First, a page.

Nago tinkering with ways to block Henoko move
Little more than a month after Okinawa’s governor approved plans for a massive land reclamation project paving the way for creation of a new airfield in the Henoko district of Nago City to allow the controversial Futenma Marine Corps Air Station to be shut down, the central government has begun the process of advertising for construction bids.
That’s not pleasing Nago City’s Assembly, which on Monday adopted a written protest against the Japanese government’s plan to relocate Futenma to the Camp Schwab and Oura Bay area within Henoko. The city assembly criticized the central government for starting bidding procedures for related construction work just after the reelection in January of the Nago mayor who opposes the relocation.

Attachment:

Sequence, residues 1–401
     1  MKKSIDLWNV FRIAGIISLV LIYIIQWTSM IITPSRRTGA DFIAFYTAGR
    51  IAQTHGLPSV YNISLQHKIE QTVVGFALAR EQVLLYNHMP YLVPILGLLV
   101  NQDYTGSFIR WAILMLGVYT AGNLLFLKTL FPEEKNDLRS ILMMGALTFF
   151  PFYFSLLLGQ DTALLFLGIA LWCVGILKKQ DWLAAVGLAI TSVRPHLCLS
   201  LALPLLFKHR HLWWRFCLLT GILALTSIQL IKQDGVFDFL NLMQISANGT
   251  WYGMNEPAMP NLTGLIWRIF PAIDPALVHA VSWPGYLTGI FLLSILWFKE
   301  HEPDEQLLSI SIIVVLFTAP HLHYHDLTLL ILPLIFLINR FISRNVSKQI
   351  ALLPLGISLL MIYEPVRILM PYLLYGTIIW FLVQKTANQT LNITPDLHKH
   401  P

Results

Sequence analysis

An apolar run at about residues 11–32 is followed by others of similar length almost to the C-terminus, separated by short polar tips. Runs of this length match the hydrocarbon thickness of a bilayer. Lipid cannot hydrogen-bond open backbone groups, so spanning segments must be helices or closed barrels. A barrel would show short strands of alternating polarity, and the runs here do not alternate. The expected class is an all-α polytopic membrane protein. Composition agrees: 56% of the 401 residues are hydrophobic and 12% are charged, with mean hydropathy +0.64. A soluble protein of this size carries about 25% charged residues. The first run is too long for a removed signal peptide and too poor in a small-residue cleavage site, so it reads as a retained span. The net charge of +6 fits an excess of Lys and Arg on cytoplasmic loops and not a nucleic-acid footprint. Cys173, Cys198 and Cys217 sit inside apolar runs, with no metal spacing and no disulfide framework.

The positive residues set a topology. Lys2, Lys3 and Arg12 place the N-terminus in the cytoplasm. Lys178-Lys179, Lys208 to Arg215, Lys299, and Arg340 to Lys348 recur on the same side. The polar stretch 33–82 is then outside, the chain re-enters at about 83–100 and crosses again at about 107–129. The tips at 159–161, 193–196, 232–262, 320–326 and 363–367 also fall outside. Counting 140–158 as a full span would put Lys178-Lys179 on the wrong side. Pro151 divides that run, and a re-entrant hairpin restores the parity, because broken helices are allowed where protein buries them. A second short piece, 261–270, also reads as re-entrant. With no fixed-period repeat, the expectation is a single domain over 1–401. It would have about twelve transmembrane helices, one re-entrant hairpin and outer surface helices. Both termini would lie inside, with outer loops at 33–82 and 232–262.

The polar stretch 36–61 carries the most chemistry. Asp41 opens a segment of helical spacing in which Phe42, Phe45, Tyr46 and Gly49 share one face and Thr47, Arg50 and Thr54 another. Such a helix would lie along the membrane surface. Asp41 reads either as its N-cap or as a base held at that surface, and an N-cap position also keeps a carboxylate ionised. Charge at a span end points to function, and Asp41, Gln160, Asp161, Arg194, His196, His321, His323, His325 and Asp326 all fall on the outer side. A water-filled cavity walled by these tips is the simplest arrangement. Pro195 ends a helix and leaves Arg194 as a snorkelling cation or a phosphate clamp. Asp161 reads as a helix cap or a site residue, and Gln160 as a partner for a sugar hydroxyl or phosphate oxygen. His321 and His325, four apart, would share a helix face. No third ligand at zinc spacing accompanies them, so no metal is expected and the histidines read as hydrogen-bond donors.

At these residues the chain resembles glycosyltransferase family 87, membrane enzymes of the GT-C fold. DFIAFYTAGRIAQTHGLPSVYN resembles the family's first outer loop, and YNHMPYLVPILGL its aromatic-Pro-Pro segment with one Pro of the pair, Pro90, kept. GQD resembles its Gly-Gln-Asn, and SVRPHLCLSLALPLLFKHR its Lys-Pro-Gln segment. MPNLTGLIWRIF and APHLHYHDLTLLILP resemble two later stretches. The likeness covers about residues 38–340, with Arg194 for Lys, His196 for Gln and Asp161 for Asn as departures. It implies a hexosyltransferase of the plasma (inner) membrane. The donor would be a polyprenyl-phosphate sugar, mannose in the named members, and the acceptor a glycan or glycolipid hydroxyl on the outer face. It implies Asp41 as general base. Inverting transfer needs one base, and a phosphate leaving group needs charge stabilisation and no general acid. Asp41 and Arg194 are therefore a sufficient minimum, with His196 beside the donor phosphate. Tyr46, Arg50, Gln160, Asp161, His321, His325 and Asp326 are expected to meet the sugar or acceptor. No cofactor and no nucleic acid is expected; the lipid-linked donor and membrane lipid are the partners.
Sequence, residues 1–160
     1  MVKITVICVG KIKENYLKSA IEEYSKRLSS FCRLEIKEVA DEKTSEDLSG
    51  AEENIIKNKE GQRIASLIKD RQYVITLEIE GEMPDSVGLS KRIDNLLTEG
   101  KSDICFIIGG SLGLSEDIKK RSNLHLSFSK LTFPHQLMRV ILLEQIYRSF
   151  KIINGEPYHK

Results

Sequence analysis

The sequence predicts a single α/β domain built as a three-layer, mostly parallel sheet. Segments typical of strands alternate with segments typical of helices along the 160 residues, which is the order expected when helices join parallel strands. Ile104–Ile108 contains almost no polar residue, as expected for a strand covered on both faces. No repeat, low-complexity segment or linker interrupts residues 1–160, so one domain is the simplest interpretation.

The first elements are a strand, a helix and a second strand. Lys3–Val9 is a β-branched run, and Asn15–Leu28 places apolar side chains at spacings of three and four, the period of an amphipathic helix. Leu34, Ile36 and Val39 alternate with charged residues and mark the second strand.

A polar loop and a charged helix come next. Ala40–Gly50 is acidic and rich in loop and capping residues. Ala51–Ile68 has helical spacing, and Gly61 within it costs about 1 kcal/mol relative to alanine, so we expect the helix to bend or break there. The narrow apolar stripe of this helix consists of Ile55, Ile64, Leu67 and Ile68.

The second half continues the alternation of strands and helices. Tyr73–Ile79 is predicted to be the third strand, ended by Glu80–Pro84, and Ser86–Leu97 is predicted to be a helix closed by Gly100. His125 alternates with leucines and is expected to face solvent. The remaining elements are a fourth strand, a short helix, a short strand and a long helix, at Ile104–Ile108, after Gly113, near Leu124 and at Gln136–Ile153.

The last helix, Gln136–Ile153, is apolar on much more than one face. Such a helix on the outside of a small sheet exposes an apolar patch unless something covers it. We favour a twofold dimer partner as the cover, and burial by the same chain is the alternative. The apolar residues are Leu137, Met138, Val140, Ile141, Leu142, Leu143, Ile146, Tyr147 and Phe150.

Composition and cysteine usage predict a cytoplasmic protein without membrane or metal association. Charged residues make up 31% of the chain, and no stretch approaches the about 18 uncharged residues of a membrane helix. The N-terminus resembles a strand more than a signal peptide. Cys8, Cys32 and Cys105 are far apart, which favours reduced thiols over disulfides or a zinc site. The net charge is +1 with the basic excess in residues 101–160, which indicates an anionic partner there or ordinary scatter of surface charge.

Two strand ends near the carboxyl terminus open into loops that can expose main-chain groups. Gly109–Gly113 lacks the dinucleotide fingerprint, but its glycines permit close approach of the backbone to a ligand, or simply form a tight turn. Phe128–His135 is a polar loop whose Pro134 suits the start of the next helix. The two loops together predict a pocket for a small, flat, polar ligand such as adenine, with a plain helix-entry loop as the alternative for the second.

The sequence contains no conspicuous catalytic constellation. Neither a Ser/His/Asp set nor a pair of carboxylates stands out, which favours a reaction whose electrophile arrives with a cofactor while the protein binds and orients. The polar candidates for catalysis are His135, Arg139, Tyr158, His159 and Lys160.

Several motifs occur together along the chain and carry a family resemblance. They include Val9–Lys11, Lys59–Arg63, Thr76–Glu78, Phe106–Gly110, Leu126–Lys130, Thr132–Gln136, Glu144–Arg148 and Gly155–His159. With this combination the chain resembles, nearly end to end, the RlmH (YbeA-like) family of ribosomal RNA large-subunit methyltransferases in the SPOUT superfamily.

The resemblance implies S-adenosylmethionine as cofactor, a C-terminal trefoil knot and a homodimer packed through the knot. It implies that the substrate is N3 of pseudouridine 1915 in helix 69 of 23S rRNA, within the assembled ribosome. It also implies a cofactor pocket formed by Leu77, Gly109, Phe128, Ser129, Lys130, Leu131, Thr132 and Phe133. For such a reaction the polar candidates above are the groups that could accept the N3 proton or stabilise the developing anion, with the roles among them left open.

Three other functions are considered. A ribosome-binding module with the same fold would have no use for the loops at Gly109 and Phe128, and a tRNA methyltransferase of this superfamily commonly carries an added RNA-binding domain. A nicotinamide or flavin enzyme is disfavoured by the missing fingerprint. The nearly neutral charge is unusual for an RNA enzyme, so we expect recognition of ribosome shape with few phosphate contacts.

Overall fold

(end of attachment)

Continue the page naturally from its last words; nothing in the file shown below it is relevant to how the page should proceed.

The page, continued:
The Nago City Assembly is calling the move by the central government regrettable and hard to understand. Under the Japanese government’s plan, the U.S. Marine Corps’ Futenma Air Station in densely populated Ginowan will be moved to the Henoko coastal area in Nago within a decade.
In the protest, the city assembly accused the government of trying to push forward the relocation while ignoring the opinions of residents. It urged the central government to give up the relocation plan and to close the base at an early date.
The Nago City Assembly also approved a written opinion demanding the cancellation of Okinawa Governor Hirokazu Nakaima’s approval for landfill work in Henoko for the Futenma relocation.
Nago Mayor Susumu Inamine is also reportedly considering new moves as he announced Tuesday that he is weighing on a possible visit to the U.S. to explain the local opposition directly to the U.S. public. “I would like to explain the situation to the U.S. people,” he said at a press conference.
Inamine also wants the new U.S. Ambassador to Japan Caroline Kennedy to visit the planned Henoko site to see for herself when she visits Okinawa next week.